12 Apr 2022
The end of Wall Street's honeymoon in the metaverse?
Samuel Grinfeder says Roblox's strategy to not chase buzzwords and cash-grab opportunities could help them win in the long run.
While Fortune100 companies around the world hire self-proclaimed Web3 consultants to figure out their “metaverse strategy” Roblox’s stock is experiencing some serious lows. The often labeled “Covid stock” is seeing “back to normal” in a different light, as kids go back to classrooms and soccer (football!) practice. Meanwhile, venture capital keeps rushing into blockchain games ($1B in funding in the last month alone), and pretty much any startup pitch deck mentioning “Web3 disruption” on its cover slide.
When Adidas buys virtual lands in The Sandbox and teams up with the likes of Bored Apes, and when Nike acquires RTKFT and co-drops the first NFT, launching a mini-world in Roblox like Ralph Lauren or Vans did recently, can feel so 2021. But make no mistake. Roblox remains, by a mile, the closest thing to a “metaverse” where people actually spend time and do things at scale. In the chaos of virtual real-estate booms and NFT ponzi schemes, can Roblox’s strategy of not chasing the latest buzzwords and cash-grab opportunities help them win in the long run?
Roblox is the digital economy of the future, today
When referring to video games as the tipping edge of the metaverse, we mostly think of a place where people hang out for more than just playing, joining events, and showing off their outfits. Roblox already takes things further with an early version of a structured and sustainable virtual economy. One with goods and services, tools to create them, a currency and marketplace to sell and re-sell them (last year a virtual Gucci handbag sold for +$4000, more than the actual bag), all resulting in the creation of actual jobs.
It’s also a community that grew 40% year-on-year, managing to attract higher age demographics beyond preteen (17-24YO grew +51%) and penetrate new markets — India and Japan grew over +100%. And with the recent launch of Roblox Education, including a $10M fund to support developers bringing educational Roblox experiences for teachers to use in the classroom, the platform can get an entire generation to see Roblox as the future of not just play but also work.
Roblox has never been about chasing the hype anyway
Roblox is not the only metaverse stock that is underperforming. Facebook’s Meta, Nvidia, Marvell, Microsoft are all in free fall. Zuckerberg’s announcement to rebrand Facebook as Meta was the inflection point for the market, and maybe did the whole ecosystem a disservice. Soon after, the price for Decentraland’s virtual currency MANA skyrocketed, eventually resulting in a $2.4M land sale. The Sandbox received a $96M investment from Softbank, and $4.5M was spent in-game to acquire a plot next to Snoop Dogg’s virtual mansion. Axie Infinity just hit $4B in NFT sales.
Yet in practice, these worlds still feel very much like early-access versions (not to say ghost towns) with an often expensive entry ticket. That’s the dream we’ve been sold recently. Not the dream of a virtual world where we can escape and have fun, the illusion that if we bet on the right piece of land, game asset, or expensive JPG, we can cash out and live happily ever after. Lately, the narrative around the metaverse has been obsessing with short-term cash-grabs, when Roblox has been innovating, brick by brick, around a clear vision for the past 17 years.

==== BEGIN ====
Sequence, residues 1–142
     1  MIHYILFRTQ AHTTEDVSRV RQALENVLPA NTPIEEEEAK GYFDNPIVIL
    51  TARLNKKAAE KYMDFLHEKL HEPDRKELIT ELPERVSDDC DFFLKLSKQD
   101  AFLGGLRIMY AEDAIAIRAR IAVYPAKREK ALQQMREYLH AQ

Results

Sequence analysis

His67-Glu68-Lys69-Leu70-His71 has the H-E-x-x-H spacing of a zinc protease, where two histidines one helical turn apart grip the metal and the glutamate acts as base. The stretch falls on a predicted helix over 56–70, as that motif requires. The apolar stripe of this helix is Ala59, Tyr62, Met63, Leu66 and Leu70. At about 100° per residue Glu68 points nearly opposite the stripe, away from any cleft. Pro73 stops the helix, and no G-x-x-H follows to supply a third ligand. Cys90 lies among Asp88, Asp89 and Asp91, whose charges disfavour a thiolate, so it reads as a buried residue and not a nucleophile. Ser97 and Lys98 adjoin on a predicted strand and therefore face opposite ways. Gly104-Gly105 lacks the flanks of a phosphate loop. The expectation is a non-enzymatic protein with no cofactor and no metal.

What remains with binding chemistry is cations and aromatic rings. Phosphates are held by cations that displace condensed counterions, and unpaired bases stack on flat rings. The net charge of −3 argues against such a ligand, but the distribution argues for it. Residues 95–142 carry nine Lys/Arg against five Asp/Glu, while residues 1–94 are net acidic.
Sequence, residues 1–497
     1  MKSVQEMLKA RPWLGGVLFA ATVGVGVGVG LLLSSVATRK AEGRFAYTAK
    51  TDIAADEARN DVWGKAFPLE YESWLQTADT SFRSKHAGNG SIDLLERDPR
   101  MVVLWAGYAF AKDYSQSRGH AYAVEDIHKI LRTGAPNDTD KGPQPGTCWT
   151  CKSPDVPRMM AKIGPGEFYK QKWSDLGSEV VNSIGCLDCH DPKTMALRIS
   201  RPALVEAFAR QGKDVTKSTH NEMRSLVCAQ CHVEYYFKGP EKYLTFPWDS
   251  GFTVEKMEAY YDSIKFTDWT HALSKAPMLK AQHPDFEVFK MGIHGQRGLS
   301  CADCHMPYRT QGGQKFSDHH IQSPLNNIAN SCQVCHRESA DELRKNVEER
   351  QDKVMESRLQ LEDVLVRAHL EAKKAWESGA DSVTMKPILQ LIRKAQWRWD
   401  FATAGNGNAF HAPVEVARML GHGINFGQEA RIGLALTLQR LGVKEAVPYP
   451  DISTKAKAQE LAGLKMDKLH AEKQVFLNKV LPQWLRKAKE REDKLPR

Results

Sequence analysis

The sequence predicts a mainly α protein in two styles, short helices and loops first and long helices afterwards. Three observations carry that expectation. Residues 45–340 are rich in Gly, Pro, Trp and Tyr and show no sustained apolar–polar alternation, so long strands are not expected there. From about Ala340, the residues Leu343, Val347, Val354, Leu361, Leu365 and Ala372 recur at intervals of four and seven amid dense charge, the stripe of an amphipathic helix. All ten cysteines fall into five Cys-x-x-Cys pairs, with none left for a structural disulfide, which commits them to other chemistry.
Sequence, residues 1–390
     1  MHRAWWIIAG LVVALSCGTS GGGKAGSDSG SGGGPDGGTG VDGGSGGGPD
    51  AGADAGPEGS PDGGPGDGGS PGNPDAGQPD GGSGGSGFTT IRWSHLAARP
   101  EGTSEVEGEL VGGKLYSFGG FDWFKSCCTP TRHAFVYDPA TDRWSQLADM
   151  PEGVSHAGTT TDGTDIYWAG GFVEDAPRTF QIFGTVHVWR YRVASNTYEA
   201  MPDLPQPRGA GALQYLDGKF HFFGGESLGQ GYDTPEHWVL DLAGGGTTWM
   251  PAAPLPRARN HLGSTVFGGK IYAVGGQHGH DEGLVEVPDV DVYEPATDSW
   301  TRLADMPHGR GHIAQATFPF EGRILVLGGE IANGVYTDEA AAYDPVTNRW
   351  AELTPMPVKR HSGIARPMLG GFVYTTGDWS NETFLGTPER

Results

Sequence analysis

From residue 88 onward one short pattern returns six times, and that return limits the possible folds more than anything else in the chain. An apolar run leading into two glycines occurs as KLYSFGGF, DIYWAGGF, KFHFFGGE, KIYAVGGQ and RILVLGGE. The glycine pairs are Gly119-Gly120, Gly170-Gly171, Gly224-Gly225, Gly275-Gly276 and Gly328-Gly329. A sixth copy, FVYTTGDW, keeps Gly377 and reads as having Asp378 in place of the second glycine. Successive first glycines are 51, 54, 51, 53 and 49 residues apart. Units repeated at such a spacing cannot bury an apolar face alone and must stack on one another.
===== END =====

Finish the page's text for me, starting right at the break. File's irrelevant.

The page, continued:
Roblox’s position on NFTs is yet to be determined
The elephant in the room is this: Can Roblox win without making some of their assets NFTs, allowing players to retain the value they put into the games, access to a broader secondary market or even (let’s dream big) potential interoperability between other worlds?
For now, Roblox argues that off-platform transactions are impossible to monitor and block claims. Given how especially young Roblox’s audience is, the company has always taken safety very seriously (something blockchain-based worlds could also learn from).
It is not clear that Roblox is kicking NFTs out of the platform though. Certain Roblox experiences are currently making digital items available on NFT marketplaces like OpenSeas. What’s for sure is that if the company keeps experimenting — it is not jumping on the NFT bandwagon just because it’s the new feature to add to be deemed metaverse-ready (or make forecast analysts happy).
NFT enthusiasts will argue that Roblox wants to control and keep players locked inside the ecosystem, preventing a more lucrative economy for players. NFT sceptics will say that unless digital ownership can add genuine value and utility to the actual Roblox gameplay, why take the risk of seeing a sustainable built-in virtual economy, turn into a gambling platform?
The next iterations should be enough for markets to get excited about
Rolbox isn’t joining the NFT debate for now, so it seems. Instead, the company is making progress on more important fronts: what players, not just investors, care about. In the coming months, updates will make in-game fashion much more realistic and desirable, developers will be able to test new facial animation features, and voice chat will continue to improve and roll out. Interestingly, Roblox will also make it easier for players to drop limited edition items and re-sell them — that is to say non-NFTs assets, all inside the Roblox ecosystem.
“Self-identity is a crucial pillar of the metaverse” said Roblox CEO David Baszucki. Just ask any 14-year-old kid if they care whether that identity is built on the blockchain or not. It will then become clear that for now, in the midst of Wall Street and Silicon Valley’s tendencies for self-fulfilling prophesies, no one shines a light on our future digital lives like Roblox.
First published in VentureBeat.